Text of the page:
I was a Minotaur

Francesca Gibbons is in the second year of her degree in Creative Writing and English.

I live in a perpetual night. The nothingness coats my skin; sticky as treacle on a spoon and no-one knows what I look like. My eyes adjusted long ago, and I don’t go out. The moonlight burns my irises and I have no interest in stars. The cool stone is silence, inviting arms and safety from a clamorous world which is constantly thrown at my door. Minos will insist on using me as some sort of professional executioner and he keeps dumping the filth of Crete in my home. This is effective: I don’t want them around anymore than Minos does. They whine and they plead and protest their innocence of crimes I never knew existed. The words make little sense to me; I have no father, no mother, and no interest. Minos isolated me in the most efficient way possible.

Sometimes, I bellow into the caverns and listen to the echoes; a wordless cry answers me, and I imagine it belongs to another soul, hidden deeper inside the darkness. The illusion fades quickly and then I am alone again. I live like the wild animals in my mountains; more akin to them than the evil men at my door. The doomed souls come in dribs and drabs; some lofty and grand, others shrivelled, cackling ravens. Some moan and fall at my feet, begging for life. I beg for my death, but it is theirs which must always come first: swift and clean. The same kill repeats one thousand times over, merging into a single memory which I try to shut out.

At first, the memory only haunted my dreams, but now the nightmares thread themselves through my conscious mind, assaulting my head whether I sleep or not. There is no escaping a job like this one.

The practicalities of the arrangement are also difficult to ignore. Killer I may be, monster I am not. I am not untidy, and the sight alone of the gored corpses wrenches my stomach towards my throat, but the stench is impossible. I choose a night with a dark moon, take the detestable bundles to the edge of a cliff and push them off. I watch them fall into the place below, and I wonder how far it is to the Underworld.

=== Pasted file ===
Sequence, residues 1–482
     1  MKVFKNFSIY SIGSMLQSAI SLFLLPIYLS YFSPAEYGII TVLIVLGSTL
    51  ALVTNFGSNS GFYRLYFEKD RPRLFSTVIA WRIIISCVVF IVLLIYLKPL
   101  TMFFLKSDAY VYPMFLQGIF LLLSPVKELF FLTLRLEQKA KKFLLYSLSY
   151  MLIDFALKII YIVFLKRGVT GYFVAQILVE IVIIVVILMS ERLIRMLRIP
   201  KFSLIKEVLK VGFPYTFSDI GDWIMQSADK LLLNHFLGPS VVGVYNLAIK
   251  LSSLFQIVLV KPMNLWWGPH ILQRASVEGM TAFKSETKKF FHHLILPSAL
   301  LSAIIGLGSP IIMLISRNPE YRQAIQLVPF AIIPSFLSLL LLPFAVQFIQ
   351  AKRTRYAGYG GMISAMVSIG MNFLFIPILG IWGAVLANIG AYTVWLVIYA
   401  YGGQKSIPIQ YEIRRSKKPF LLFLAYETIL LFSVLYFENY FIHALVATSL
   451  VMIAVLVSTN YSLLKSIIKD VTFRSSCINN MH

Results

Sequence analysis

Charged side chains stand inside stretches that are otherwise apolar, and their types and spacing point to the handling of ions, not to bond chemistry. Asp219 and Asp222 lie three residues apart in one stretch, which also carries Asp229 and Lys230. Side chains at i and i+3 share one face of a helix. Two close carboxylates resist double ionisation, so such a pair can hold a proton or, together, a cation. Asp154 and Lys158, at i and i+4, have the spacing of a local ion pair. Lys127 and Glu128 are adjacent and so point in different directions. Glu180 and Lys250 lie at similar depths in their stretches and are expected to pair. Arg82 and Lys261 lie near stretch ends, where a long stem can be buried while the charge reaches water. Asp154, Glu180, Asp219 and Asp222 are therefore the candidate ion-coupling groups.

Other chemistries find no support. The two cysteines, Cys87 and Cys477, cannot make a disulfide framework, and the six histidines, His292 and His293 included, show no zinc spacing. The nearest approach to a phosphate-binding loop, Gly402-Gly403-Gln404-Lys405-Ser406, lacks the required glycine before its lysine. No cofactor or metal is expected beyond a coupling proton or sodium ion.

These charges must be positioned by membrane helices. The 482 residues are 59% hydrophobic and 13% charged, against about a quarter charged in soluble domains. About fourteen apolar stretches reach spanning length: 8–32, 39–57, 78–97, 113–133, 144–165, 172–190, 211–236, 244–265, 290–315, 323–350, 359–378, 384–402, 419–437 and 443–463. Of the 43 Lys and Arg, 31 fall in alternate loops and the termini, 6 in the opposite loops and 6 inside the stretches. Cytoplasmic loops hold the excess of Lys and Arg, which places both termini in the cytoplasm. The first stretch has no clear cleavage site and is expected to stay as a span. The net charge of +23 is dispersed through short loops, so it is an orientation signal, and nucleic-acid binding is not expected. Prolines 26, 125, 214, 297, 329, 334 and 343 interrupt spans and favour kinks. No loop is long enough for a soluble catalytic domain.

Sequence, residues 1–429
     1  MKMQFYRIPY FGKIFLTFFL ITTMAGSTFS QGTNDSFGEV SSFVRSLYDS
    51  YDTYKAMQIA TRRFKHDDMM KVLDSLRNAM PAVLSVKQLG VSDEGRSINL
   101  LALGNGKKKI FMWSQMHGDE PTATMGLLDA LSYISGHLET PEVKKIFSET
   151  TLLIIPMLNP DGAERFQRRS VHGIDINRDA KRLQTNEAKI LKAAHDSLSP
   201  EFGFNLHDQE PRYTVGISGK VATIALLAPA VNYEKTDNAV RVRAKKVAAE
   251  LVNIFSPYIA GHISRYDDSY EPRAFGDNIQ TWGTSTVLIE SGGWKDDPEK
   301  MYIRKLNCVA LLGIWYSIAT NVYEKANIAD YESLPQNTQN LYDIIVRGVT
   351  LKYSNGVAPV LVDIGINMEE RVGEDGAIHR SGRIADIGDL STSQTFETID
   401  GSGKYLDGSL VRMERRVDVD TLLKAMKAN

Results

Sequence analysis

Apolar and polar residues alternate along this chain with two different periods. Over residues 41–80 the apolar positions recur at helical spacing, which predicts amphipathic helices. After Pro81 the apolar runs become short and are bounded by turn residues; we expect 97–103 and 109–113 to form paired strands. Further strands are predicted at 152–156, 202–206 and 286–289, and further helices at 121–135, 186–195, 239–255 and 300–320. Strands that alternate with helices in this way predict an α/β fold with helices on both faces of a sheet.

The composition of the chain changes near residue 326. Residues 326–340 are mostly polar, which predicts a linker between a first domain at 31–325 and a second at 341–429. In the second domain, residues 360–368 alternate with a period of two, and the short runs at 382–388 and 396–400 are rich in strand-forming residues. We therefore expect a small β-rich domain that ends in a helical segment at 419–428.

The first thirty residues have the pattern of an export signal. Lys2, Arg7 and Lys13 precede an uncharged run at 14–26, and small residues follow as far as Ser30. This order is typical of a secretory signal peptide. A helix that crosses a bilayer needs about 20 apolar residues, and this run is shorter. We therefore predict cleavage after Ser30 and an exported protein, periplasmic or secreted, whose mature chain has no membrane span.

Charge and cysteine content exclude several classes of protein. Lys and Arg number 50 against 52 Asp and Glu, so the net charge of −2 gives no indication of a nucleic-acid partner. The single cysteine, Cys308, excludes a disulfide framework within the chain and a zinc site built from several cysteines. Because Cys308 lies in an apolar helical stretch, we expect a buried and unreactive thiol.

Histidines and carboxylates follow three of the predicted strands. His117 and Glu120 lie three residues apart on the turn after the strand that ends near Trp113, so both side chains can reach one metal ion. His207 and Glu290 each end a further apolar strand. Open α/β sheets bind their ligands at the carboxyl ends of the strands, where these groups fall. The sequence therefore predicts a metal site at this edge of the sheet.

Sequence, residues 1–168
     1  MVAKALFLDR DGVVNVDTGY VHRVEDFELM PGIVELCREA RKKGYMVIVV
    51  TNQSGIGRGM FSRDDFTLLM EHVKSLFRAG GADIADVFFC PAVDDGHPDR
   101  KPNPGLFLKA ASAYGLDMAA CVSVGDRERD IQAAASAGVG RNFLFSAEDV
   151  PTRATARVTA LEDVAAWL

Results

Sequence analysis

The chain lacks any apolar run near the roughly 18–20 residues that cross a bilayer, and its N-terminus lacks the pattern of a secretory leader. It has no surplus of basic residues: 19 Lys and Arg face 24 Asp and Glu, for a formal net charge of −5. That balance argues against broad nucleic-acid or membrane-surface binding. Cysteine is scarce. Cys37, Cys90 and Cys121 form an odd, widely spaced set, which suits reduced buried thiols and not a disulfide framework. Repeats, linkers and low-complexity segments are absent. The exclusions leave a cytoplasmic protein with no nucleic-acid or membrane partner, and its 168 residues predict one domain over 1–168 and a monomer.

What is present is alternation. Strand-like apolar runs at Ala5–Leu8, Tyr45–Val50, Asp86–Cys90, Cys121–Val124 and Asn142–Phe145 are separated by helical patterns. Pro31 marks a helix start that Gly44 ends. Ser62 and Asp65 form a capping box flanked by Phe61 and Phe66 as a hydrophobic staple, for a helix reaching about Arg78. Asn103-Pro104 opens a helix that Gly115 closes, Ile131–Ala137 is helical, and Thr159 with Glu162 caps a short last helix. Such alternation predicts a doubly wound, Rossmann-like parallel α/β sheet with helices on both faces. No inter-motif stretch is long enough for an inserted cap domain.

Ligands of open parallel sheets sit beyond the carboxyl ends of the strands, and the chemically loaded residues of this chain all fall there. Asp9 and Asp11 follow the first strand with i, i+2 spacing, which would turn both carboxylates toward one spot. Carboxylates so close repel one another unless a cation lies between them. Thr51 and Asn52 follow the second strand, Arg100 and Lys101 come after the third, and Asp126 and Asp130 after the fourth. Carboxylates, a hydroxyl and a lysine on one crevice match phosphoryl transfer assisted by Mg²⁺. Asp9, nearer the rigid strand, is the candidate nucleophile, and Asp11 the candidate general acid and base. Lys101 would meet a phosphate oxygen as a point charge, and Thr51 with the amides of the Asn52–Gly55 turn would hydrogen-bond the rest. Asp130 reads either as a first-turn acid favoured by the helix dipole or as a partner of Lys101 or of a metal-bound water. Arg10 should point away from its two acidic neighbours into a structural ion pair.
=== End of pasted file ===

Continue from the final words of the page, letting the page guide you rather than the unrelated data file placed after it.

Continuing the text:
When there are a few days before a new moon, the smell gets steadily worse. It seeps into the darkest reaches of my tunnels, and I can barely stand it. I think I am going mad with the sickness in my nostrils, and then the dark nights come again, and with it, fresh gulps of sea air.

Minos’s men speculate that I eat human flesh. Thinking of me as a monster makes it easier for them to forget the terrible fate they leave me to, and removes any obligation they might otherwise owe me. As it is, there are few sources of food to choose from. There are rats most days, though they leave a bitter taste. Sometimes a sheep or goat strays inside my home, and then I can feast. There aren’t enough animals close by, and for the most part, I am vegetarian. It amuses me, the difference between their wild imaginings and the basic truths of my life, but I have no-one to share with, so the joke stays in my head. Sometimes it gets too playful, running near my mouth, and a deep chuckle escapes. Then I chastise it, and it flees, scuttling back into a quiet corner.

One day, a young hero comes to slay the terrible creature. I see the shock register in his rough features when he spies me for the first time. Not the unnatural hybrid bull-man they all seem to expect: just a man. Admittedly with a much longer beard and a different outlook on life, but what Theseus really sees is a reflection of his own personality that he doesn't want to see. His pause proves fatal.

As he lies dying, I formulate my plan. Our apparent similarities give me an idea. I take his clothing and trim my hair. It's a little uneven, but good enough. I brave the light for the first time in years, renewed with the strength of my conviction. I could lead another’s life. A quick dip in the river and I am ready to re-enter the world.

I know exactly what I will tell them: ‘The Minotaur is dead. I am Theseus’.